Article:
Eastern Michigan University faculty members receive three major science grants

Topics include studying what stimulates bird migration, examining problematic tumor modification pathways and understanding how the body senses sodium in seeking to reduce hypertension

Eastern Michigan University faculty members receive three major science grants

YPSILANTI – Eastern Michigan University faculty in biology and psychology were awarded three major federally funded research grants during the first half of this year.

The faculty members and their grants are as follows:

1. Faculty member: Jamie Cornelius (Biology)

Topic: Social Modulation of Migratory Timing and Endocrine Mechanisms of Migration in Two Flexible Migrants.

Grant amount, source: $266,585, National Science Foundation.

Start date: July 1, 2018 to June 30, 2022.

Discussion: Many species of birds annually migrate. Professor Cornelius’ work examines to what extent social cues between individuals within a bird colony induce the initiation and termination of the seasonal migration. She will also examine whether there are relationships between social cues and hormonal changes in the birds that help to prepare the birds for the demands of their journey.

Collaboration: This grant, in collaboration with Washington State University, is part of an NSF program that facilitates research from predominantly undergraduate institutions.

2. Faculty member: Anne Casper (Biology)

Topic: Complex Genomic Rearrangements by BIR and mmBIR

Grant amount, source: $441,000, National Institutes of Health.

Start date: August 1, 2017 to July 31, 2020.

Discussion: A tumor genome is a modified version of the host’s genome. The modification can develop when the cell’s repair system uses the error-prone mmBIR pathway to correct a replication error in its DNA instead of the more accurate BIR pathway.  Professor Casper’s research will help her understand which conditions increase the likelihood the cell will use the error-prone mmBIR pathway instead of the preferred BIR pathway.  Avoiding those cellular conditions should decrease incidences of cancer.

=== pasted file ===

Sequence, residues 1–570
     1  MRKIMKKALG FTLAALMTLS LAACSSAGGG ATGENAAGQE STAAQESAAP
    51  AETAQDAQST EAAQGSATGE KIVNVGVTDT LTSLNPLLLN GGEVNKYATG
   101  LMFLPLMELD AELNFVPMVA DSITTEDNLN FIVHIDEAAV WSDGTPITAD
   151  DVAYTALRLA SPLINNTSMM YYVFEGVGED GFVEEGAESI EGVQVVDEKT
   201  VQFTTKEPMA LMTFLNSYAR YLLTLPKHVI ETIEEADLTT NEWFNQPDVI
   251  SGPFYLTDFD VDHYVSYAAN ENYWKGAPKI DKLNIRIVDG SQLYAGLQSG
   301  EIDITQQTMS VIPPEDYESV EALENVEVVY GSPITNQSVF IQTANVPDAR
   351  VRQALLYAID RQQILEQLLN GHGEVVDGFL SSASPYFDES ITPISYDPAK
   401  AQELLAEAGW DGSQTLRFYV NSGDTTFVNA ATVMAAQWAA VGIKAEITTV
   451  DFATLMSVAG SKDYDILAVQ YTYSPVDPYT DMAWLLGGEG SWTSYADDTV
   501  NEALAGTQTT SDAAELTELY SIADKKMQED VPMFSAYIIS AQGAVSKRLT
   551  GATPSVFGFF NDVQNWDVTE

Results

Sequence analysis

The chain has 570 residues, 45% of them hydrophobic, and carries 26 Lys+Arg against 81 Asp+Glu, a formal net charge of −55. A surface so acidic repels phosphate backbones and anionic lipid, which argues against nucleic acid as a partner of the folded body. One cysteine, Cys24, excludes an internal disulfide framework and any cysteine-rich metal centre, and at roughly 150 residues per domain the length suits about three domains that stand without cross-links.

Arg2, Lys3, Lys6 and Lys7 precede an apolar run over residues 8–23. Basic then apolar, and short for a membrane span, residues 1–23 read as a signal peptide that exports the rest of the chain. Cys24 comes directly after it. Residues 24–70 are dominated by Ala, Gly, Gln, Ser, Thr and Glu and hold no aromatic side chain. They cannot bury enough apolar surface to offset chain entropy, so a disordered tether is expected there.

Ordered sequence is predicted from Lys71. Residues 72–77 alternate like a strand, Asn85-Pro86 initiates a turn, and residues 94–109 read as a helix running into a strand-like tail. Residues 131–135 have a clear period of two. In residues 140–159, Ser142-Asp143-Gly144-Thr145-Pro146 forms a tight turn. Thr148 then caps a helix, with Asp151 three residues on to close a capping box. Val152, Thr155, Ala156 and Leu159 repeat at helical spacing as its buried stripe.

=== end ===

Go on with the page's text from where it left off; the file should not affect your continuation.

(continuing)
The grant is administered through the NIH AREA program, which is for investigators from predominantly undergraduate institutions. This is Professor Casper’s third NIH award. 

3. Faculty member: Joseph Breza (Psychology)

Topic: Lightly Salted: An Optogenetic Approach to Uncover the Role of Type I Cells in Salt Taste Transduction.

Grant amount: $143,264 (award for year one), National Institutes of Health.

Start date: March 22, 2018, with expectation of two more years of similar award.

Discussion: Sodium is an essential nutrient but is also responsible for hypertension and stroke. We don’t yet know which cells within taste buds are responsible for sensing sodium and signaling the brain. Professor Breza has learned to modify taste bud cells so that, in an otherwise food-free environment, they can be stimulated by light to signal the sensation of flavor to the brain. He hopes to apply his technique to learn which taste bud cells are responsible for signaling the brain that sodium is present in food.  By understanding the pathway the body uses to signal the presence of sodium, he hopes to develop methods for misleading the brain into identifying sodium flavor when it is not present. This will allow those at risk for hypertension and stroke to control their dietary sodium intake without loss of food flavor. This work has the potential to help understand why people overeat salt. Furthermore, undergraduate students who work with him have the opportunity to be involved in exciting, ground-breaking research and are likely to continue their education in science.

This grant is part of the NIH’s early career research program.

"These awards demonstrate the federal government’s recognition of the importance universities such as EMU play in maintaining the nation’s competitiveness in the knowledge economy,” said Caryn Charter, director of the EMU Office of Research Development and Administration. “EMU and its tradition of meaningful, faculty-mentored experiences and research training of undergraduate students is critical in addressing the growing national shortage of scientists and engineers.  Because most of EMU students stay in Michigan, this is particularly important to our own state’s competitiveness."

About Eastern Michigan University

Founded in 1849, Eastern is the second oldest university in Michigan. It currently serves 20,000 students pursuing undergraduate, graduate, specialist, doctoral and certificate degrees in the arts, sciences and professions. In all, more than 300 majors, minors and concentrations are delivered through the University's Colleges of Arts and Sciences; Business; Education; Health and Human Services; Technology, and its graduate school. EMU is regularly recognized by national publications for its excellence, diversity, and commitment to applied education. For more information about Eastern Michigan University, visit the University's website.

July 11, 2018

Written by:
Geoff Larcom

Geoff Larcom